1 Oct 2014
September 2014 - Amontillado
tabletopcardsbrickwalltwo-playermurderpoeanalog

This one's kind of weird, even compared to other things I've been doing. During a discussion with some folks about this list of interesting things about hex grids, specifically the observation that a rectangular brick pattern is identical to a hex grid in terms of adjacency, the idea of a puzzle game involving bricklaying as the theme came up. My mind fairly soon after wandered to Poe's The Cask of Amontillado (info | full text). What if the game was the story of Montresor's slow and methodical murder of Fortunato?

The intimacy of a game where one player is attempting to slowly murder the other, while the victim has only words to defend himself, seemed appropriate for a tabletop setting, cards-as-bricks are a natural metaphor, and the story begins at the Carnival, which is close enough to this month's "Fair" theme for me. So here we are, with Amontillado.

The Characters of Amontillado

Amontillado is a card game in which two players face each other and take on the roles of the two primary characters in The Cask of Amontillado, albeit in a slightly modified telling of the story.

One plays as Montresor, who has resolved to murder Fortunato by meeting him at the Carnival where Fortunato had been drinking heavily, leading him into the catacombs of his palazzo, chaining him in an alcove, and walling him in with a freshly-laid brick wall across the entrance. In this version of the tale, Montresor chooses not to remain silent on his grievances, and instead explains Fortunato's wrongdoings as he builds his wall.

The other plays as as the doomed Fortunato, though in this telling he is not a helpless victim. Fortunato questions Montresor's accusations, casting doubt on the offenses, their details and their consequences, hoping to create enough doubt in Montresor's mind to convince him to back out of his plan. If he can delay long enough, perhaps Montresor's resolve will waver, and he will be spared.

The Cards of Amontillado

Playing as Montresor requires the player to build a wall of cards, 5 rows in total, as shown at right. From the player's perspective, the leftmost "brick" in each row must be a Grievance, the rightmost must be a Consequence, and the cards between can be Occasions, Audiences and Methods, though no row can contain two cards of the same type. Bricks above the first row can only be placed where there is at least one adjacent brick below it, and if a brick's support is removed, as demonstrated by the brick with an X in the image, it is removed at the end of Montresor's turn. If the Montresor player completes the wall formation with valid brick placements, they win.

As Fortunato, the player has limited resources - six cards, and a collection of "Doubt" tokens. On each turn, the player can place one Doubt token on up to three different bricks in the wall, then play one of their cards and resolve its effect. At the end of Fortunato's turn, every brick with three or more Doubt tokens on it is discarded. As Fortunato introduces doubt in Montresor, the task takes longer, and the opposing player is forced to reshuffle their discards to draw more cards. If the Montresor player is forced to reshuffle their discards three times, Fortunato wins.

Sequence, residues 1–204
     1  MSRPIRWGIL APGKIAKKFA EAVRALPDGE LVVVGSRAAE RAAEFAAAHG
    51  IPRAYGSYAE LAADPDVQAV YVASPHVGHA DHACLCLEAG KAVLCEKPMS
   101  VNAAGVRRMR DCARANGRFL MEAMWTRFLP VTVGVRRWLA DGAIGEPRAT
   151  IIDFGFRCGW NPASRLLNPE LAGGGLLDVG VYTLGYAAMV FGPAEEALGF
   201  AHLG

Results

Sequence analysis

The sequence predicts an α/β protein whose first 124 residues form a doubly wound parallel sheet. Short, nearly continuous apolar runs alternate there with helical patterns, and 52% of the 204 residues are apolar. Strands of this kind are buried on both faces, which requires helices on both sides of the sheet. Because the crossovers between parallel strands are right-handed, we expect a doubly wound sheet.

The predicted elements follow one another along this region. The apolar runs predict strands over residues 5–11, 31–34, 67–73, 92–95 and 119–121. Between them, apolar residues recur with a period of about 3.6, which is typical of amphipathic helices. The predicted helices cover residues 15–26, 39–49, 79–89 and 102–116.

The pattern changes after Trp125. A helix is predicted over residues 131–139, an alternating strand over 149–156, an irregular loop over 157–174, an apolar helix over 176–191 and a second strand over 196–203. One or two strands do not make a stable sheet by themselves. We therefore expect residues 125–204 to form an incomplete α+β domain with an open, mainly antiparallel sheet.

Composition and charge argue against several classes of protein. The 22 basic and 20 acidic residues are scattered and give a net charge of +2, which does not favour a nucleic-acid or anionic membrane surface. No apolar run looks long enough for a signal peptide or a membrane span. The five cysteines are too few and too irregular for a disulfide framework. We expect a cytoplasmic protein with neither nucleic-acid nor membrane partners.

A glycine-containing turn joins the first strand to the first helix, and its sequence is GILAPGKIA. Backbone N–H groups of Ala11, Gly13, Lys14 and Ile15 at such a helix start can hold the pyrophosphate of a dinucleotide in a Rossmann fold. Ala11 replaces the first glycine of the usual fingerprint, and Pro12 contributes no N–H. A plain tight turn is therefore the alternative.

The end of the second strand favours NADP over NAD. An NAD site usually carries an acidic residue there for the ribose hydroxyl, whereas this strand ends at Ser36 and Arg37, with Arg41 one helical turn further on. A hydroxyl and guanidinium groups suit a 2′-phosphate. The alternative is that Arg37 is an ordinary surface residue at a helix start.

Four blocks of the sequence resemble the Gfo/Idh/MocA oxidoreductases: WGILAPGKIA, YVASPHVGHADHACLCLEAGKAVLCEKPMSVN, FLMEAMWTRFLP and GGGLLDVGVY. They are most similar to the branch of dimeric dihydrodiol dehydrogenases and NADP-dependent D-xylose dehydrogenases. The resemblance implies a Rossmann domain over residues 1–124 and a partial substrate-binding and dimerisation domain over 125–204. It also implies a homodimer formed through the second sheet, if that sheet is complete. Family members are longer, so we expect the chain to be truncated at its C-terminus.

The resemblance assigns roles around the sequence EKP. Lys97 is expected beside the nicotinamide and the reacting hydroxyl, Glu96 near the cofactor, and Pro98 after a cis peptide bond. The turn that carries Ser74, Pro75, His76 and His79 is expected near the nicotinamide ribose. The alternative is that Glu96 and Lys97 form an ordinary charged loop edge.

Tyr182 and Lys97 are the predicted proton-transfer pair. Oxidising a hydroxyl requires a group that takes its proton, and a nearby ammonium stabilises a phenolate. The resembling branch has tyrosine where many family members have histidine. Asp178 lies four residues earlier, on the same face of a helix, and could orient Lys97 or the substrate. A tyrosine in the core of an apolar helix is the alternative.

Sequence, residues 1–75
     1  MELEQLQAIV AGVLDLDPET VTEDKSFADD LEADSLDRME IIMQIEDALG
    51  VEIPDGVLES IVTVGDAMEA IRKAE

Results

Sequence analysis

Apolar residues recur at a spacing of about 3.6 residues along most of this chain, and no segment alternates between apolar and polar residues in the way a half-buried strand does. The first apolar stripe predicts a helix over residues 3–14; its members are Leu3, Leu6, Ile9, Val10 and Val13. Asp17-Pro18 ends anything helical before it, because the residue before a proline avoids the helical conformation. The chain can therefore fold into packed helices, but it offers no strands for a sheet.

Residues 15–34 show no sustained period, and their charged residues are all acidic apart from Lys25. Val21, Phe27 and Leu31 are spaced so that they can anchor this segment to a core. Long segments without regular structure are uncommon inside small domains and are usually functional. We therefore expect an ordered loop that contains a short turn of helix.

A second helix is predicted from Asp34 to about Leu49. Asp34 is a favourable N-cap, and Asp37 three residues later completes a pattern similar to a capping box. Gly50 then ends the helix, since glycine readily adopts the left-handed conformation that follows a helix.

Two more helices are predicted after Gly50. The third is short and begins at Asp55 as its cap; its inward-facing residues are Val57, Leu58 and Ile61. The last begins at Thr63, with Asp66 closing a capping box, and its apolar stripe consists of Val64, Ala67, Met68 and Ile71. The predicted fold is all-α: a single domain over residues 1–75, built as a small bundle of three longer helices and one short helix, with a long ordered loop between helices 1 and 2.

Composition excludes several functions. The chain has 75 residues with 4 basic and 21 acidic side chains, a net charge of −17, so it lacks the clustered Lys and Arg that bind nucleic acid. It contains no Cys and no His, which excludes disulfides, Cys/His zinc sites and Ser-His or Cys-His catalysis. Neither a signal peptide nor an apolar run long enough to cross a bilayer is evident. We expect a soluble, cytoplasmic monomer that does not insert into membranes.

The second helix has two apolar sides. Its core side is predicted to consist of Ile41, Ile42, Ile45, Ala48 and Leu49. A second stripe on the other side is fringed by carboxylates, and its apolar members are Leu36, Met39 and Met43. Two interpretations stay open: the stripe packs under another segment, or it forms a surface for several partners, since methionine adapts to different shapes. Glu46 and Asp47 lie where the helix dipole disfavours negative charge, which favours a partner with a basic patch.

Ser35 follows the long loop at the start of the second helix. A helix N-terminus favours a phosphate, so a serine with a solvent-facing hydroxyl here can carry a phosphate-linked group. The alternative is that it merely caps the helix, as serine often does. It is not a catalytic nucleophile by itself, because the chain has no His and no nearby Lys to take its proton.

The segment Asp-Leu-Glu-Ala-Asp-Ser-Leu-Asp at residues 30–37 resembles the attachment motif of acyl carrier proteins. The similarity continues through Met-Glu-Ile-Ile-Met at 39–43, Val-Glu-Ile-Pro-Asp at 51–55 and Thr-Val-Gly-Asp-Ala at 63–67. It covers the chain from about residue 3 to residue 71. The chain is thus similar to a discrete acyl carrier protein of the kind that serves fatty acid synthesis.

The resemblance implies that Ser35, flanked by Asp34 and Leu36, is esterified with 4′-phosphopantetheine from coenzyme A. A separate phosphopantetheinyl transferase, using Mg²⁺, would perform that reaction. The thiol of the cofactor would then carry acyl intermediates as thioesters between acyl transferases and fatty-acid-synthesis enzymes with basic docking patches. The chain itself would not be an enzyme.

The full rules are only slightly more involved than this description, and are available as a PDF below.

Hardware

Of my dabblings in tabletop gaming, this one is by far the simplest to actually play. A total of 53 cards cards are required, available as a printable PDF below, along with an arbitrary collection of small tokens, which could be any small item as long as you have at least 25 or so of them and you can easily fit three of them on a card.

Theme in Gameplay

The theme is the hook for the game, so I tried to weave it pretty thoroughly into the game. The wall is literally built between the players, with one building and one tearing down, and each card's text is designed such that from either player's perspective, each row describes a complete, though vague, accusation of Fortunato's wrongdoing. Montresor has a greater supply of resources to work with, but time is against him, so the mechanic of Montresor's defeat is reshuffling, i.e. taking too long. Fortunato has little to work with, only being able to cast doubt on parts of Montresor's story and having a few rhetorical gambits available to him in his efforts to further shake Montresor's resolve, so the player has only a collection of relatively weak doubt tokens and a handful of cards with various effects. Each of Fortunato's cards is couched in terms of introducing uncertainty in Montresor, with the exception of one outright emotional plea to shake Montresor's concentration, and is accompanied by flavor text hinting at how each one would play out in conversation.

The Verdict

I think as an experiment in theme this one worked out quite well. I got genuinely engaged in the emergent strategies while playtesting, and after a few phases of rules adjustments it seemed the two players were fairly evenly balanced and not overly reliant on luck. I had a lot of fun with this one and I may have to take it to my next tabletop group gathering and see how it goes over.